Olle Rydberg has a nice tutorial/overview of the Maya-ZBrush workflow here. He gives a concise breakdown of the base mesh, mapping, and rendering phases with a very useful description of the various render passes. Interestin'! BTW, SSS = SubSurface Scattering!
Below are a few pictures from a model I started recently. I made the base mesh in Maya, and then kicked it around for about 30 minutes in ZBrush.
1. Do some loose, fun drawings of your character to get to know him/her. Don't worry about "good drawings" here. Focus on the main proportions and lines of action.
2. In Photoshop, draw matching front and side views. Use guides to help you align the features. I still try to stay as loose as possible at this stage, and gradually tighten up the concept. I ended up putting the side view arm on a separate layer and making it transparent so I could see the full figure. I kept a copy of the opaque arm, so I could see that part clearly in Maya as well.
3. Save out separate front and side view files to use as templates. Make sure they are the same height in pixels.
A fantastically useful plug in that generates a lighting dome for you.
1. The plug in is in the Groups Disk > Art > minada > Art 353
2. Follow the instructions in the plug in folder.
3. Hey, your stuff looks a lot better now!
0. Put your image in your project's sourceimages folder.
1. In the front viewport menu, choose View > Image Plane > Import Image.
2. Choose your image. If your project is correctly set up, it should jump to the right directory.
3. You can scale the image plane by setting the Width and Height attributes in the Attribute Editor under Placement Extras.
4. To adjust the location of the image plane (up and down, side to side) change the Center attributes in the Attribute Editor under Placement Extras.
5. Create a new layer in the Layers palette, then select Window > Outliner, hit the "+" next to the front camera, select "front shape." Now right-click the new layer in the layer palette and choose "add selected objects." Now you can turn your image planes on and off.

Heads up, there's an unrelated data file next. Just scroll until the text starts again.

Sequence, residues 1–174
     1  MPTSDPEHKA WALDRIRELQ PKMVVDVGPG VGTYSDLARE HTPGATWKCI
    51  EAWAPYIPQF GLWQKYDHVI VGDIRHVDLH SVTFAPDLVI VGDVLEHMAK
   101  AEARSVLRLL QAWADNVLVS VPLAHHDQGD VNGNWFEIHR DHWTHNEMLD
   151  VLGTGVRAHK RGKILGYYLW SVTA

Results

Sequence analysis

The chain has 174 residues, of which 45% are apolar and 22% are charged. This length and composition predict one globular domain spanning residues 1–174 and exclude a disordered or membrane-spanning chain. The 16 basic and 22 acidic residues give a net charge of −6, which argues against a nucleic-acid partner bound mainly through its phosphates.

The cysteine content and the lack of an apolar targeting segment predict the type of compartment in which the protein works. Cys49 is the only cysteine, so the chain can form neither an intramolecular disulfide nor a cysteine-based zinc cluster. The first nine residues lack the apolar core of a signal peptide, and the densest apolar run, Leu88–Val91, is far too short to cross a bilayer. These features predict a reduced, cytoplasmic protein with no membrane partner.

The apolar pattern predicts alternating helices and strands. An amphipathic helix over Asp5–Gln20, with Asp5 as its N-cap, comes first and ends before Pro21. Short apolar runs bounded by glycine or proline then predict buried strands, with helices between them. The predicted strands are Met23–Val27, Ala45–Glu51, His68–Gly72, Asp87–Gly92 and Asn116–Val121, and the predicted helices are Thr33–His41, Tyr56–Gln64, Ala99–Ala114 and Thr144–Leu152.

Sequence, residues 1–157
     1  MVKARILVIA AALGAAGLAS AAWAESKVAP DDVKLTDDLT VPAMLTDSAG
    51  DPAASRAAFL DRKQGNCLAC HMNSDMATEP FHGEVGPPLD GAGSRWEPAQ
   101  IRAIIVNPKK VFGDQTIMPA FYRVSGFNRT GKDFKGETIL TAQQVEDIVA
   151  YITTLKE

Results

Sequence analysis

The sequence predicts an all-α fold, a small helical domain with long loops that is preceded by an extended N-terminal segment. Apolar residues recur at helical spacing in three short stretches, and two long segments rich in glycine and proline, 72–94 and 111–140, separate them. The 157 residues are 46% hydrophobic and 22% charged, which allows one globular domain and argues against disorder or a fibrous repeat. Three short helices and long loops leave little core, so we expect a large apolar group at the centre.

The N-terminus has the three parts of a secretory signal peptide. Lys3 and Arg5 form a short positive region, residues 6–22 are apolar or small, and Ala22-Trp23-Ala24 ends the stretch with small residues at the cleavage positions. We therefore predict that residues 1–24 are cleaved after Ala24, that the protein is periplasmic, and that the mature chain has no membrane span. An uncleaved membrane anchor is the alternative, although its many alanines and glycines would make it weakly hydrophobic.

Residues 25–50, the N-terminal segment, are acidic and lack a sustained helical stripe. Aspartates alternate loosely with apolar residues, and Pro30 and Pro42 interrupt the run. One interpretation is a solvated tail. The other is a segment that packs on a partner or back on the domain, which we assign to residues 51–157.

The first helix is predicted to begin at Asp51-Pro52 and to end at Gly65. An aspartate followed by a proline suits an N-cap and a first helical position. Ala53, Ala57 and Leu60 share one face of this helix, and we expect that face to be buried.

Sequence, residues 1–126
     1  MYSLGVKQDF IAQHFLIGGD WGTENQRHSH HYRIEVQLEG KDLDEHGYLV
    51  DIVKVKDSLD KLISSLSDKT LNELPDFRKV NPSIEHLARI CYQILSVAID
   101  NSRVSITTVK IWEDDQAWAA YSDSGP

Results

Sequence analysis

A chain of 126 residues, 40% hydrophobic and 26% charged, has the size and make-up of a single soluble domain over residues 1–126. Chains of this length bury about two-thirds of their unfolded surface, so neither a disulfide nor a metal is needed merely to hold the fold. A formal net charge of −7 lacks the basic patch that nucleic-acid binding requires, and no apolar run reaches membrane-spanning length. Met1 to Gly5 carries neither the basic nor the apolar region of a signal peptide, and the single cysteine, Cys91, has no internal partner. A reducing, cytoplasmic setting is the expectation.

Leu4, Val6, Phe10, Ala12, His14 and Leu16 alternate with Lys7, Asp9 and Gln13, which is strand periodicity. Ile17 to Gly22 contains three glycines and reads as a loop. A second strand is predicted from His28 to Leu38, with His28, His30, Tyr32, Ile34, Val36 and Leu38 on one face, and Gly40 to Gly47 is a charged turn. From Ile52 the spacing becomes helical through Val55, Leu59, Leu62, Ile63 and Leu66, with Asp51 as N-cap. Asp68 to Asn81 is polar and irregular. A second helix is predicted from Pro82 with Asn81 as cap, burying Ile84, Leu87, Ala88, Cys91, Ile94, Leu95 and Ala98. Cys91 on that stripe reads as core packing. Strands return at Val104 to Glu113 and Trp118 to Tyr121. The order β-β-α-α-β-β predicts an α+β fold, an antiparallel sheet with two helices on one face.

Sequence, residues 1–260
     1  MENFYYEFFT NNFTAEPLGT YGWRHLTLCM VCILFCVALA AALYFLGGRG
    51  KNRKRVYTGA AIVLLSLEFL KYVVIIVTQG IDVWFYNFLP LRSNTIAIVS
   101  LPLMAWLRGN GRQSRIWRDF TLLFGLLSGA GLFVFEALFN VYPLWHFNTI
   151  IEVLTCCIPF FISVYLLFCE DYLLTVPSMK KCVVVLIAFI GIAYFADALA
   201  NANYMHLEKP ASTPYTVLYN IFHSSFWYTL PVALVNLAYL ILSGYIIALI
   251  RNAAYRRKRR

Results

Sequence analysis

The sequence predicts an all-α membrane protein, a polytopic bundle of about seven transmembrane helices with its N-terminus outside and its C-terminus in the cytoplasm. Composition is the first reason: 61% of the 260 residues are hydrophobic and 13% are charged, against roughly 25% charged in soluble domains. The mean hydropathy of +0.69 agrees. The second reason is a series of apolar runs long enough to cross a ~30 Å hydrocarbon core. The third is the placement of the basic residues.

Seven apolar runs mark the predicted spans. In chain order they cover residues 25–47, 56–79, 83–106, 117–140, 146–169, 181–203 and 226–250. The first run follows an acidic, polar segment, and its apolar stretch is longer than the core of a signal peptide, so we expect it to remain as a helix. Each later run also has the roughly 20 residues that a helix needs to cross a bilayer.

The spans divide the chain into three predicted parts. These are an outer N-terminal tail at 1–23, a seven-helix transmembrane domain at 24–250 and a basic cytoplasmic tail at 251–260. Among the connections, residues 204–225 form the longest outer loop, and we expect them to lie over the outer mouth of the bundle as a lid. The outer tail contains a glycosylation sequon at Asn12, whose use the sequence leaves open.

6. To add another image plane for the side and/or top views, repeat the above steps in a different viewport menu.
7. If you've selected something else, and need to get the Image Plane attributes back, just select View > Image Plane > Image Plane Attributes > Image Plane 1 from the front viewport.
Check out these useful tutorials. You probably won't be sorry.
Remember to post any good tutorials you find on your site so you can hip your classmates to the magic. Fog, underwater-style. Dolphin-icious.
1. Select the object you want to free from its history.
2. Edit > Delete by Type > History
3. It's good to note that you also have a delete "Non-Deformer History" option. For some parts of the modeling process (especially rigging!) deleting your full history will cause catastrophic failure. Just keep this in the back of your mind.
For your second project, you'll be researching, designing, modeling, texturing, and lighting an environment. It could be a game level, an animation set, or something you might use as part of a painting or composite photograph. Madness. Mayhem. Here's what you'll do.
Phase 1: Pre-Production Junction
1. Write a description about your place. Where is it? What year? What does it look like, smell like? What are the colors there? What emotions does the place invoke? Let your imagination run wild. Wild, I tell you.
2. Do lots and lots of visual research on your place. Architecture, flora, fauna. Mood. Look for images of interesting lighting schemes that fit your vision. And always, always. . . textures. Blog this stuff, baby. Taking your own photos is very helpful too.